We can’t wait to see you October 18th at Rotary Day at the State Fair!
For more information on event details or participating in the world record, please visit or Facebook page for details – http://www.facebook.com/mainstreetrotary. Rotary Day at the Fair is a partnership of Main Street Rotary Club and South Carolina State Fair. Questions, please contact us through our Facebook page or MSRCpresident2018@gmail.com.
Pawmetto Lifeline’s work on behalf of animal rescue and welfare in the Midlands paid dividends for more than 45,000 companion pets in the Midlands last year, according Jack Sloan, director of development for the non-profit and Capital Rotary’s Aug. 8th guest speaker. Sloan (shown at right in photo with club president Philip Flynn) said the ultimate goal is to have a no-kill community here, so that no healthy, adoptable dog or cat is euthanized in a municipal shelter or dies because it is homeless. Pawmetto Lifeline’s 80 employees and 200 volunteers treat pet overpopulation with adoption, medical care, rescue and education programs. Sloan said there’s special emphasis on spay/neuter services as the most cost-effective and humane way to reduce the number of unwanted pets. Sloan, a graduate of The Citadel with an MBA from the University of Tennessee, joined Pawmetto Lifeline after a long career at national and state chambers of commerce. He’s also been a board member for several clubs and organizations including Columbia Rotary.
Isaac Burt, a member of the sales team at Columbia’s Godwin Motors, has joined Capital Rotary. Burt (center in photo with club president Philip Flynn at right and sponsor Matthew Pollard) is a native of Portsmouth, NH. He was a high school swimming, football and track and field athlete and a college swimmer and wrestler. Burt majored in political science with a religion minor at Greensboro College in Greensboro, NC, where he also served as junior class president, student body president the following year and as a resident advisor for two years. He was a Founders Scholarship recipient at the college.
Pictured are the busy Chicora Rotarians working at the Street Reach facility that serves and shelters the homeless in the Myrtle Beach area. This is a quarterly project for the Chicora Rotary Club this Rotary year. We are proud to be able to help our less fortunate neighbors who are experiencing difficult times. Huge Thanks to Frank Clark for organizing the Street Reach service project. Frank spent the afternoon running around in the pouring rain to gather and deliver supplies. Thanks also to Alice Yerkes and Brightwater Retirement Community for donating potato salad and baked beans. Last, but certainly not least, thanks to those Rotarians who were not deterred by the rain and came out to prep, cook, and serve. Eight members fed about 130 hungry people who were super grateful. Well done team Chicora!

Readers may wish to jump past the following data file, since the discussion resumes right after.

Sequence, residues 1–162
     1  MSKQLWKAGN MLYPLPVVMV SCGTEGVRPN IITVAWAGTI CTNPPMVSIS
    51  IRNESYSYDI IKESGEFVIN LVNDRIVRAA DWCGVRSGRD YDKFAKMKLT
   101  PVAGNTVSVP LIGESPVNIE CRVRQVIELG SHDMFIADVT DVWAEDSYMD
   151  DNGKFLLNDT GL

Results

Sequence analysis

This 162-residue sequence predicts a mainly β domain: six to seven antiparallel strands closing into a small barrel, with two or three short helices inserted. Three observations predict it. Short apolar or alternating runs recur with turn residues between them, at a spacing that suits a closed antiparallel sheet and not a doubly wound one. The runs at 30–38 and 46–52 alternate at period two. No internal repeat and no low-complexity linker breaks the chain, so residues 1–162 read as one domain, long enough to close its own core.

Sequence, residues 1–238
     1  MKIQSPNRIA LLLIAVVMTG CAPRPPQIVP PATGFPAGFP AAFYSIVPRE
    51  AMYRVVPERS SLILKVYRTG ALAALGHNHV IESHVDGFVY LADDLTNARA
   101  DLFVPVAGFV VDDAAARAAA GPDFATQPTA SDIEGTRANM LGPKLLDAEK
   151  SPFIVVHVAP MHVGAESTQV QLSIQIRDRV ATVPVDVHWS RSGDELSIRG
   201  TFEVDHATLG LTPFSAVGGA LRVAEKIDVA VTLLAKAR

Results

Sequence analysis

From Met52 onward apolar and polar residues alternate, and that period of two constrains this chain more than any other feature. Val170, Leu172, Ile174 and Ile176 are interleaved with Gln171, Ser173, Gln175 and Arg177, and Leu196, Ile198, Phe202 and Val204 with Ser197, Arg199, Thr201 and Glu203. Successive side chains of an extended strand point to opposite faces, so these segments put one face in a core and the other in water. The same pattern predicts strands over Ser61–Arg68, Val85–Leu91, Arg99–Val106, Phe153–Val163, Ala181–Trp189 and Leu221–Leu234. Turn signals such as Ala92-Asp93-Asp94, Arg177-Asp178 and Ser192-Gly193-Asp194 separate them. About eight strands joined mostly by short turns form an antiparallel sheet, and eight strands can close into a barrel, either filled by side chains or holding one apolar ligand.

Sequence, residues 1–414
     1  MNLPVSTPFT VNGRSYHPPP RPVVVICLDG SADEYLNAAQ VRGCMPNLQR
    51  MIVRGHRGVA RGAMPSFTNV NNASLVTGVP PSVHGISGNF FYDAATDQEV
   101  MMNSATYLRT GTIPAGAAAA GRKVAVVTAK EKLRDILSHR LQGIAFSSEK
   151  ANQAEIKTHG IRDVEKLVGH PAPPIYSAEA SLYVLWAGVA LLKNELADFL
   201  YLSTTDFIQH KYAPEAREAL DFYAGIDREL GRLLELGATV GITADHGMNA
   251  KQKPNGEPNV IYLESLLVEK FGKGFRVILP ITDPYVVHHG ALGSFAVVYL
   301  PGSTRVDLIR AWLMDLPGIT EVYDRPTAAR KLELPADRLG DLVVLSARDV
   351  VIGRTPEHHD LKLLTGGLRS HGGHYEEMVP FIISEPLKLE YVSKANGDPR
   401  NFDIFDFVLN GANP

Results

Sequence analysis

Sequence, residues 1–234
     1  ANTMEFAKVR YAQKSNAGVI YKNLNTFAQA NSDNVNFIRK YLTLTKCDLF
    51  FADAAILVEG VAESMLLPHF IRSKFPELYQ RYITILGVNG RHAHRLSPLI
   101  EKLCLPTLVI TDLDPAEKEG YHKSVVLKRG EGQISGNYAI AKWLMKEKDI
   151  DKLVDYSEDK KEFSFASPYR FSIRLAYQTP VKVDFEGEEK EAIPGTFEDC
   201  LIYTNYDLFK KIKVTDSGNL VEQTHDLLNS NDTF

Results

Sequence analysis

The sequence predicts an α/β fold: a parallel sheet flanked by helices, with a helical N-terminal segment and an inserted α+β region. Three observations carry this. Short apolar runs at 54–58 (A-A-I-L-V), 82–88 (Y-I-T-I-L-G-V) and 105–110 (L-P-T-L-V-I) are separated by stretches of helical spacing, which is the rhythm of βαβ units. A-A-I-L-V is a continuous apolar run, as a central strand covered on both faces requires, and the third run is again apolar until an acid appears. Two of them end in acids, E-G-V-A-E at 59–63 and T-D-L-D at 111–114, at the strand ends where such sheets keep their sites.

The Chicora Rotary again had the pleasure of inviting Macie McMillan and her younger sister to tell us about their pet project that has turn into a large scale operation. It all started several years ago when Macie. who is a 7th grader started the project, by asking her friends and family to bring backpacks instead of presents to her birthday party. The next Summer she began activity asking everyone she saw at church and in her neighborhood to sponsor a backpack. This little entrepreneur grew this great little idea into a major funding of assistance for less fortunate classmates To date she and her program have donated 1138 backpacks to schools in Horry County Every year she comes to Chicora Roary for assistance, last year we funded enough to purchase 30 backpacks and this year we gave her funds enough to buy 24 backpacks. These funds only represent those funds collected at the meeting. she gave her address to the entire club so they could send in additional funds,if they desired. The Chicora wishes Macie well on the wonderful civic project.